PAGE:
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‘A denial of people’s rights’: Sinn Féin wants a new junior minister for the diaspora

Gerry Adams has called for a raft of changes to how Irish abroad are treated here.

Queue at a recent Working Abroad Expo.
Queue at a recent Working Abroad Expo.
Image: Sasko Lazarov via Photocall Ireland

SINN FEIN HAS called for the introduction of a new junior minister to deal with issues affecting the Irish diaspora.

This proposal is one of a number outlined in their policy document released today, Moving Forward Together: A vision for the global Irish diaspora. The new role would be in addition to the current 15 junior ministries.

Speaking at the launch of the document, Sinn Féin leader Gerry Adams said that the new ministry would “draw upon the experience and wisdom of those in the diplomatic service” but would differ from the role of diplomats and ambassadors as it would have more scope to “get a global picture” of Irish people.

Some of the other proposals put forward in the document include extending the right to vote in presidential elections to Irish citizens living and working outside the State by means of a postal vote, the provision of diaspora representation in the Dáil and the Seanad and on the Council of State, and the establishment of a government taskforce on emigration.

‘Unusual’

Sinn Féin also wants all adults of voting age who have been legally resident in the country for at least 5 years to be allowed to vote in Dáil and presidential elections. Adams said it was “unusual” for a state to not extend presidential election voting rights to its diaspora as it was “a denial of people’s rights”.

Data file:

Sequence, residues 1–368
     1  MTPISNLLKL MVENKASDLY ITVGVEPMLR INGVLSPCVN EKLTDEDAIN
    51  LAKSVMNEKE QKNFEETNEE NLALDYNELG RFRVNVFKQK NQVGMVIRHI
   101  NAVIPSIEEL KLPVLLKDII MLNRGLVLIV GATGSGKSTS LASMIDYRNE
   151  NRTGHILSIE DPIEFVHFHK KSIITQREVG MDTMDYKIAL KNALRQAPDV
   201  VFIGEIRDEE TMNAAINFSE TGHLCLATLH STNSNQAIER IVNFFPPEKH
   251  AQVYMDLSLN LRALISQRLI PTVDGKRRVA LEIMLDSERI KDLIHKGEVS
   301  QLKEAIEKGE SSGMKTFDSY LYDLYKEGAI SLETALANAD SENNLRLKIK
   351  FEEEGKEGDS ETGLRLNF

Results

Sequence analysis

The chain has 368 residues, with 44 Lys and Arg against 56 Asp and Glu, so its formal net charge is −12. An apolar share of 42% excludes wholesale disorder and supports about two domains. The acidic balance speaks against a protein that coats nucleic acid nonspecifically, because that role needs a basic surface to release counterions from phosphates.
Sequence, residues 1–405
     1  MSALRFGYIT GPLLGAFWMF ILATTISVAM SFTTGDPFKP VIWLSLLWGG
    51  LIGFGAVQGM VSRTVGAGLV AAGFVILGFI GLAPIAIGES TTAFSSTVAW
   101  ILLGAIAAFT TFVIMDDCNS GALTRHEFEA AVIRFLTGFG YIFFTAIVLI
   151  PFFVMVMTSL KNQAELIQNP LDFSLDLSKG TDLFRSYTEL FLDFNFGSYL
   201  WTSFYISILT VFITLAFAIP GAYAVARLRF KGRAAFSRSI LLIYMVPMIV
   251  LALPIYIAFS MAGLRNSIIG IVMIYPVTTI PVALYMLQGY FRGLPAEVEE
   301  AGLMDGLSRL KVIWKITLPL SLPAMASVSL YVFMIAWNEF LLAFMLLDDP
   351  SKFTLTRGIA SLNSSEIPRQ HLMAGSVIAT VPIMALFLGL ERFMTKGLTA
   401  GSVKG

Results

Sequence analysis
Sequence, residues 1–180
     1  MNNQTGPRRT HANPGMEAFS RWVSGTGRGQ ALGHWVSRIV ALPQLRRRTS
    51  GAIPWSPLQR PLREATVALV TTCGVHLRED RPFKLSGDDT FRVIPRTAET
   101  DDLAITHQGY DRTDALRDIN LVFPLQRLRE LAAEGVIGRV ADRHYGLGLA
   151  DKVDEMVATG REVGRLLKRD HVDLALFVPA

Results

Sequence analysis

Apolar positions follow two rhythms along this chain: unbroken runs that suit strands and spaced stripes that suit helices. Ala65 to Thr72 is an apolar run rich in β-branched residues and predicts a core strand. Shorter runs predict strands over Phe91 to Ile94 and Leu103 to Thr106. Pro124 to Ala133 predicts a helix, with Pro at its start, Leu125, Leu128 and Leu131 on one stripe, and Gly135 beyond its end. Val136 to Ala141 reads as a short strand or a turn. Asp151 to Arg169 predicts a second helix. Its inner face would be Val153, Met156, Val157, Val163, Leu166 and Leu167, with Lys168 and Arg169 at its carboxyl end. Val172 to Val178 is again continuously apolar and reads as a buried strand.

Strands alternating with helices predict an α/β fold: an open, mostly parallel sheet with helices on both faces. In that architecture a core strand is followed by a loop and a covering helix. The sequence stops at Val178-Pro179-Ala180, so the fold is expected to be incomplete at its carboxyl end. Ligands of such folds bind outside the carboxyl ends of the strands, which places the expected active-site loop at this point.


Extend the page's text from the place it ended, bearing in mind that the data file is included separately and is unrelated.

Adams said that his party “recognise the nation as not just the people who live on the island”, but all those abroad who have a “patriotic connection” with Ireland.

Adams added that upcoming plans for Seanad reform should include the provision of representation for the diaspora. He noted that President Michael D Higgins was “far-sighted” in electing a member of the diaspora, Sally Mulready, to his Council of State, but said that this should be a statutory appointment to all future councils.

Seán Crowe, Sinn Féin’s foreign affairs spokesperson, will present a related bill to the Dáil today. Crowe said he was “conscious of the huge amount of Irish that have left our shore”and that it was “time to adopt a new approach” to our country’s emigrants.

He added that the bill would require constitutional change as it proposes lowering the voting age in presidential elections to 16 and making amendments to how the Council of State is formed.

Crowe said he thought “most parties” within the Dáil are in favour of some of the steps proposed in the bill, but that Sinn Féin were the party that has “taken the initiative” on the matter.

Read: President Higgins announces his Council of State

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